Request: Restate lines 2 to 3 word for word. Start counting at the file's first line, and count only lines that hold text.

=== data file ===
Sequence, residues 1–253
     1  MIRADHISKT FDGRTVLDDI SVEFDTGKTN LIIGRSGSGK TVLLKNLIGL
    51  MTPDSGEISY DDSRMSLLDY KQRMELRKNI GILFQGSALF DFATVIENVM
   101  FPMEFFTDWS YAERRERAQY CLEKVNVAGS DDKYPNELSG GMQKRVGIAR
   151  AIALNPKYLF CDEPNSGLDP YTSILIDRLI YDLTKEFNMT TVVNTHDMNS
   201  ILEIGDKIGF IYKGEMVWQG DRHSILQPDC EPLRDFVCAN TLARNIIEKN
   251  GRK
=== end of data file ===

     1  MIRADHISKT FDGRTVLDDI SVEFDTGKTN LIIGRSGSGK TVLLKNLIGL
    51  MTPDSGEISY DDSRMSLLDY KQRMELRKNI GILFQGSALF DFATVIENVM